Nancy Brunning

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Nancy Brunning
Born 1971
Nationality New Zealander
Occupation Actor, director
Years active 1992 - present

Nancy Brunning is an actress and director who has won awards in film and television and has made a major contribution to the growth of Māori in the arts.[1] Her accolades include Best Actress awards on stage and screen. She won Best Actress at the NZ Film Awards for her lead role in the film What Becomes of the Broken Hearted? (1999), the sequel to cult classic Once Were Warriors. In 2000, she won Best Actress in Drama at the New Zealand Television Awards for her lead role in the television series Nga Tohu. Brunning is of Māori descent from the tribes of Ngati Raukawa and Ngai Tuhoe.[2] She was the Acting Coach for the Oscar nominated short film Two Cars, One Night directed by Taika Waititi.

Actress[edit]

Brunning trained for two years at Toi Whakaari New Zealand Drama School (1990-1991). After graduating, she played many leading roles in theatre, film and television. In 1992, she won the award for Most Promising Female Actor at the Chapman Tripp Theatre Awards for the all Māori women production Nga Wahine. She also became one of the most well known faces on New Zealand television in the role Jaki Manu in the soap Shortland Street and other programmes. In 1994, she appeared in the classic Nga Tangata Toa play written by Hone Kouka and directed by Colin McColl. Brunning also appeared on stage in major productions for the New Zealand International Festival of the Arts, the biggest arts event in the country, in productions such as Hide ‘n’ Seek (1992) (NZ and Australian tour) and Waiora (1996) (NZ, Brighton Festival and Hawai'i tours) and Blue Smoke. She played the role of Belle in the UK-NZ co-production of Beauty and the Beast (1998).[3] A speaker of the indigenous Māori language, Brunning also worked as a theatre director,[4] cultural advisor and script consultant.[5] She received a Best Actress nomination at the 2009 Qantas Film & TV Awards for her role in the movie Strength of Water screenplay by Briar Grace-Smith.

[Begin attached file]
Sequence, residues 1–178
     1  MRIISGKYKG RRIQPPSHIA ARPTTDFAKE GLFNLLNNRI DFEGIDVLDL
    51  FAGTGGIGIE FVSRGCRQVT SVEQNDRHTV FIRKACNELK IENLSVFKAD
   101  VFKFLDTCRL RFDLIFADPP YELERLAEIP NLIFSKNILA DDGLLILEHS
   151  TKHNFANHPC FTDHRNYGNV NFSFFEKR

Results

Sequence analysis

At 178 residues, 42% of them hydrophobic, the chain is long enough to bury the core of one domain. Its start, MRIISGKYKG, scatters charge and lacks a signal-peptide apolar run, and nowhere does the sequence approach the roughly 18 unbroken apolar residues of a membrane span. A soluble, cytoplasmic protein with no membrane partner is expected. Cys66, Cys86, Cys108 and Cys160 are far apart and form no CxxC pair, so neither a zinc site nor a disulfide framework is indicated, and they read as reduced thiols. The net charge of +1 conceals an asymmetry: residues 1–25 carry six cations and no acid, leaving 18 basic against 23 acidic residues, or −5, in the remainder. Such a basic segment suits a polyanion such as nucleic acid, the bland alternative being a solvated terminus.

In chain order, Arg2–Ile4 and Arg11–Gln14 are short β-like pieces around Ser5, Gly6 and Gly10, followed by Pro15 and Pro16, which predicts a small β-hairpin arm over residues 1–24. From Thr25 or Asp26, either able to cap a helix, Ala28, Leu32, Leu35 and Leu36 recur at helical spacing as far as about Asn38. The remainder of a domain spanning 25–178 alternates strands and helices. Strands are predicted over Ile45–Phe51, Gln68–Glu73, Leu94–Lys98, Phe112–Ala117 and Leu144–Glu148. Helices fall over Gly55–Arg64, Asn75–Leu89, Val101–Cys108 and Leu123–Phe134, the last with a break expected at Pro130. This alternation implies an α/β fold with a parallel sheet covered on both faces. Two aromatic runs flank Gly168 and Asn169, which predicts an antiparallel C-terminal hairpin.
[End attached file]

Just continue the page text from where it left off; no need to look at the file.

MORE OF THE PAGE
Director[edit]

Theatre[edit]

Brunning has been directing theatre and stage dramas since 1995. Her first production was Briar Grace-Smiths first full length one woman show called "Nga Pou Wahine". She also collaborated with Briar on a Taki Rua Theatre production in 1996 called "Flat out Brown"; directed Maori language play "Te Ohaki a Nihe" written by Selwyn Muru and devised/directed with Briar again on a touring show called Waitapu also in 1996. She directed Women Far Walking written by Māori writer Witi Ihimaera. The play toured nationally and internationally to the UK. She was also assistant director with Nathaniel Lees on Awhi Tapu by Albert Belz for the Auckland Festival. She was Assistant Director on the play The Songmaker's Chair written by Albert Wendt and directed by Nathaniel Lees.[3]

Film[edit]

Brunning directed the short film Journey to Ihipa (2008) which screened at the New Zealand International Film Festivals and internationally including the Vladivostok Film Festival (2009) and in New York.[6] The film starred veteran New Zealand actress Elizabeth McRae and Nathaniel Lees, and shot in the Ngai Tuhoe Māori community of Ruatahuna in the central North Island of New Zealand.

Further information[edit]

Notes[edit]

  1. ^ Colin Chambers (14 May 2006). Continuum Companion to Twentieth Century Theatre. A&C Black. pp. 546–. ISBN 978-1-84714-001-2. 
  2. ^ Daniel Meyer-Dinkgräfe (20 May 2003). Who's Who in Contemporary World Theatre. Taylor & Francis. pp. 40–. ISBN 978-0-203-10590-0. 
  3. ^ a b [1] La Mama Theatre, New York. Retrieved 5 November 2009
  4. ^ Huia Short Stories 3. Huia Publishers. 1999. pp. 245–. ISBN 978-1-877241-48-2. 
  5. ^ [2] Auckland Actors Agency
  6. ^ [3] 2009 Vladivostok International Film Festival.Retrieved 7 November 2009